SDR security and shared spectrum challenges

3At a time when the commercial market is clamoring to infringe on the allocated military spectrum, the military faces challenges to provide secure communications for its missions - creating a new challenge for designers of software-defined radio (SDR) technology.

– a solved problem in many ways – has evolved into a standard methodology that enables communication across multiple platforms. The technology, which was nurtured under the auspices of the Joint Tactical Radio System ( program) nearly two decades ago now has become a methodology that enables flexible communications for airborne, ground, and shipboard applications all while meeting stringent size, weight, and power (SWaP) requirements.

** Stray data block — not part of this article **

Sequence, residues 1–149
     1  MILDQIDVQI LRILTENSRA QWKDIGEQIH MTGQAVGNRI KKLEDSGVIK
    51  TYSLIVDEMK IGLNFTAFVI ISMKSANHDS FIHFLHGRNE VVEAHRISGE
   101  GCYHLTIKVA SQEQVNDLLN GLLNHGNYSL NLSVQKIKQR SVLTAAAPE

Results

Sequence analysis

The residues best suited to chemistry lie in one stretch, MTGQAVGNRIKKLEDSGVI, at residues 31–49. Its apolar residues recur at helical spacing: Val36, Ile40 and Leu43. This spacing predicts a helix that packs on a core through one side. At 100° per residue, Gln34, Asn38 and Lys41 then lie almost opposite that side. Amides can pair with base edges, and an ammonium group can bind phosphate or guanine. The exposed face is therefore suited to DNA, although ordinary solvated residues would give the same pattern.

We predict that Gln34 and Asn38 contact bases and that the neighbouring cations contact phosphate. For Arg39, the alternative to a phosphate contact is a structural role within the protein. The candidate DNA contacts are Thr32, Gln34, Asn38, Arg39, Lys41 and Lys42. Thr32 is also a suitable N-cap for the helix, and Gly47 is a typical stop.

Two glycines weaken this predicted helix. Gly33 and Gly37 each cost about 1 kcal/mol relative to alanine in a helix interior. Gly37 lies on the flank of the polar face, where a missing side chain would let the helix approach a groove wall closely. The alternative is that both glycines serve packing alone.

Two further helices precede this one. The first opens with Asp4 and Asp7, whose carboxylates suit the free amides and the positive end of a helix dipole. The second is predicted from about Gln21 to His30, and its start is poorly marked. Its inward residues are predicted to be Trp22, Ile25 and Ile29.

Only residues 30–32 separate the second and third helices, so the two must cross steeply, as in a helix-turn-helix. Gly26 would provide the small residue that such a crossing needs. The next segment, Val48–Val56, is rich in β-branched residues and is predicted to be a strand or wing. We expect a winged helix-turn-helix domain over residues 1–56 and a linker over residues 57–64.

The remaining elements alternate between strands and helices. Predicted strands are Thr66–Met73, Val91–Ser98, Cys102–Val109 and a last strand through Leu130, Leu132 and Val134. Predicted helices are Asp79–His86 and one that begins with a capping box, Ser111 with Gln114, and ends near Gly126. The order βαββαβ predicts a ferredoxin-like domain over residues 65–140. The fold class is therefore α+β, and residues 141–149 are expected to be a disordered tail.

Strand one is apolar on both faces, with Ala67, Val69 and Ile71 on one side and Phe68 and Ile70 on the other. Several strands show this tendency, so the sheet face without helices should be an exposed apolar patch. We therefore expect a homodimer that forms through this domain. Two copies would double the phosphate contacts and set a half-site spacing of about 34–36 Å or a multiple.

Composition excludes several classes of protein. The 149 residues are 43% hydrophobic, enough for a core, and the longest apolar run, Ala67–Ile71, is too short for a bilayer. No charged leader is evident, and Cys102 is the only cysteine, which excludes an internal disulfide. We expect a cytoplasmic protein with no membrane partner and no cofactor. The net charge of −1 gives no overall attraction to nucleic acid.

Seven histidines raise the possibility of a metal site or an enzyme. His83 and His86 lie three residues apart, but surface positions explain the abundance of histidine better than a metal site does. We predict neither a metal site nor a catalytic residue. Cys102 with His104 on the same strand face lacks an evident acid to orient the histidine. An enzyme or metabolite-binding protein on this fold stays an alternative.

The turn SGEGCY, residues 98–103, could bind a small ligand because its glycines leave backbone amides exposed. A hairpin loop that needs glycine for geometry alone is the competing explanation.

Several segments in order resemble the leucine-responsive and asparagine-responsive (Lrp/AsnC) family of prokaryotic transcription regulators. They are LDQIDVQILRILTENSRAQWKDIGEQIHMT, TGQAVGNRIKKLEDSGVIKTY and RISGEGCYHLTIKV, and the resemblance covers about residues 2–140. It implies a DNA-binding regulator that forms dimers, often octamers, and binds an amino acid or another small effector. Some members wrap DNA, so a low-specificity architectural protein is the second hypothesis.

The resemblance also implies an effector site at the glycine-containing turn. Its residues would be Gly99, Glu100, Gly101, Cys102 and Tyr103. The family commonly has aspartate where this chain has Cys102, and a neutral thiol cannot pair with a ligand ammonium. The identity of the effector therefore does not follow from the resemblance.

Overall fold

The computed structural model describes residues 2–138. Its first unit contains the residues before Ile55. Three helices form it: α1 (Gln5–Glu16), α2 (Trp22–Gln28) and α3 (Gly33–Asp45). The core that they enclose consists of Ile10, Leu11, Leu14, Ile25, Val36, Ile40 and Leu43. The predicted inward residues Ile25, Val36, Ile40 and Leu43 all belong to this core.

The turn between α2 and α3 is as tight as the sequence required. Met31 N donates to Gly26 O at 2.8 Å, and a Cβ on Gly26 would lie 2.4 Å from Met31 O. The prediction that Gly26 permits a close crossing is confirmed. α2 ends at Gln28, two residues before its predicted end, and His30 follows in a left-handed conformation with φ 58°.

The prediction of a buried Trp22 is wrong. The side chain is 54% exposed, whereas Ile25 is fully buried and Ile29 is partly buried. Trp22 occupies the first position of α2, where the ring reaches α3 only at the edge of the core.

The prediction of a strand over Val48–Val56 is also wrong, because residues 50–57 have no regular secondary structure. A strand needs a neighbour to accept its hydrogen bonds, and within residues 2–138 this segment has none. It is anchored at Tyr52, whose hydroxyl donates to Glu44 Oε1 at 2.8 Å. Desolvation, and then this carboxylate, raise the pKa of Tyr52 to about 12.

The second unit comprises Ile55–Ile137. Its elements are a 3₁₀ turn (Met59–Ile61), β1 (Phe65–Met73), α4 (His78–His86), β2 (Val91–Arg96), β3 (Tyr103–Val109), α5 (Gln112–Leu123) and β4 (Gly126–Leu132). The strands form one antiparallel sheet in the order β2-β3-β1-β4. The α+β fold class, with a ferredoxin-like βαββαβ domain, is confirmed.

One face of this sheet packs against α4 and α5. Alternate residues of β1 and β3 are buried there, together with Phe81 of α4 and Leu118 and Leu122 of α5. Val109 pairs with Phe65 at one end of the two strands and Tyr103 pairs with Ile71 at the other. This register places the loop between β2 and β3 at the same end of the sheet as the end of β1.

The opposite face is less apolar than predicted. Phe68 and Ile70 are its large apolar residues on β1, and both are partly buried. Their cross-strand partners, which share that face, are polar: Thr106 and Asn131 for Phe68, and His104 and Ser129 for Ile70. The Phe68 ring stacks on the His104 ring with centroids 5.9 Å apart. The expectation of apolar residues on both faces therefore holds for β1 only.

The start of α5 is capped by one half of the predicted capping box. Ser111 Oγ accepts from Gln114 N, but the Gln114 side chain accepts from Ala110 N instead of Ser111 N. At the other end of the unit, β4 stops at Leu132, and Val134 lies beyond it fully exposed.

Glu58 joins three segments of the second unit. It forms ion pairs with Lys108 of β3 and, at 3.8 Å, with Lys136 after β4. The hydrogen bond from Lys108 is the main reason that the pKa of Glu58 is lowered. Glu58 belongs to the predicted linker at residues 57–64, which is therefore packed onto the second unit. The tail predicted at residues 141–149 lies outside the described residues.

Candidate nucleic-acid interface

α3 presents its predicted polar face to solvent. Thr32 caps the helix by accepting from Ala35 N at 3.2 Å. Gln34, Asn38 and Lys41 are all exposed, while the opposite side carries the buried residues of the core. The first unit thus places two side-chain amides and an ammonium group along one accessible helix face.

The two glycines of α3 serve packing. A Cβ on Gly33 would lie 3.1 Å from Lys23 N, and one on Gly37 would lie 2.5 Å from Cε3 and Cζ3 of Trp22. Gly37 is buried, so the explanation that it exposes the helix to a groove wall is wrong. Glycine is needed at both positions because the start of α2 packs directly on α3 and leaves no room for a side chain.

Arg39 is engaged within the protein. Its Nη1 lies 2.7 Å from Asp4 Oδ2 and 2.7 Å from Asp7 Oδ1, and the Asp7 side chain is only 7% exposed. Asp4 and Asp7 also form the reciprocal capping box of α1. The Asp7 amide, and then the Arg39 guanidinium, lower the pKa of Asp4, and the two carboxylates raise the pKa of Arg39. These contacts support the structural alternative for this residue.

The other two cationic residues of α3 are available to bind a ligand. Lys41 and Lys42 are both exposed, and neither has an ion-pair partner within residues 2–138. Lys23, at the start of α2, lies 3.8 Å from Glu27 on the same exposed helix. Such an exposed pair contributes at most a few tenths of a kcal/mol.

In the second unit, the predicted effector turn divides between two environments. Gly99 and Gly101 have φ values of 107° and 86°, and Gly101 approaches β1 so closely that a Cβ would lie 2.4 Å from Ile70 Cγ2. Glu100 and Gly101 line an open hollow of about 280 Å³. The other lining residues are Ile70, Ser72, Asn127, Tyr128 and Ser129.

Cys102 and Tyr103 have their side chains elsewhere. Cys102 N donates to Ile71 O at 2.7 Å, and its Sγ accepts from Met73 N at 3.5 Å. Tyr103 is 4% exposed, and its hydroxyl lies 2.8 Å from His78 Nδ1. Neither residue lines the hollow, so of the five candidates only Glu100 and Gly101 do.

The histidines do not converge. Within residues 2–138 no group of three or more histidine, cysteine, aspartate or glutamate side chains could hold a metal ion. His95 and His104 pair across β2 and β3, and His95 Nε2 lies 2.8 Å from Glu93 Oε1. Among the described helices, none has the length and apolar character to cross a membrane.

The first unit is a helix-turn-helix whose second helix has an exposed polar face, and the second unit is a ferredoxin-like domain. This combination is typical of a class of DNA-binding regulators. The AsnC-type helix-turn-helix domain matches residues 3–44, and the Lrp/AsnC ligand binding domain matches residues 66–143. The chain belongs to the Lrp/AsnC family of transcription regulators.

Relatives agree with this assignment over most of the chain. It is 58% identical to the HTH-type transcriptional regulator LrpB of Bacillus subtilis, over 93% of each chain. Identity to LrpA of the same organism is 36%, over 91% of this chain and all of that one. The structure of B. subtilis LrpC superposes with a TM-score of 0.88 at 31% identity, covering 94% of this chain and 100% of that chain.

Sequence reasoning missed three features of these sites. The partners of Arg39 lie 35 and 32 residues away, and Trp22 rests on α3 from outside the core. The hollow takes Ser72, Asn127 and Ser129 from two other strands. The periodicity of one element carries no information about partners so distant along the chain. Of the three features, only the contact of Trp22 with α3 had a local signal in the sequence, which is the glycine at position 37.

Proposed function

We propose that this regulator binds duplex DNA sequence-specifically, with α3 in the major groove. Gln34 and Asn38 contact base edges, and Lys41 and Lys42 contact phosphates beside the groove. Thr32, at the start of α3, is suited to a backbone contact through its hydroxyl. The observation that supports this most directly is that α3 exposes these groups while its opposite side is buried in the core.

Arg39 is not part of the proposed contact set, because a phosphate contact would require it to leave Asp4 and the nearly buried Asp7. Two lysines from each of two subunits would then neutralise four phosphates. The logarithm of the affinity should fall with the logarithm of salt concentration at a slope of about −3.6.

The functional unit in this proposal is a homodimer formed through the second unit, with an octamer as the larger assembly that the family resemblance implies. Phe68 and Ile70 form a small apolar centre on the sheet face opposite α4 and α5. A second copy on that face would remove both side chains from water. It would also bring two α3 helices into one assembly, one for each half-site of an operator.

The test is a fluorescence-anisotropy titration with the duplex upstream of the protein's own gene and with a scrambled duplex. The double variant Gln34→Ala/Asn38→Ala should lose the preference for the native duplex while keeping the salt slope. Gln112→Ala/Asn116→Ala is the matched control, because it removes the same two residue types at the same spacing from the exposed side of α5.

“Without the JTRS program to lead the way, who knows what the state of SDR would be today. It invested a lot of money to make SDR technology viable for military purposes and that technology was fed to the commercial markets,” says Manuel Uhm, director of marketing at Ettus Research in Santa Clara, California, and chair of the board of The Innovation Forum.

“SDR is not one product you make and then it’s done – it’s a methodology of applying technology to implement radios, radars, and communications systems,” says Rodger Hosking, vice president and cofounder of Pentek in Upper Saddle River, New Jersey. “And it’s a constantly evolving process as the technology becomes more powerful and customers demand more performance. Increasingly challenging mission needs for better systems are driving software-defined radios to do more and more. SDR is an essential and integral part of virtually all warfighting electronics.”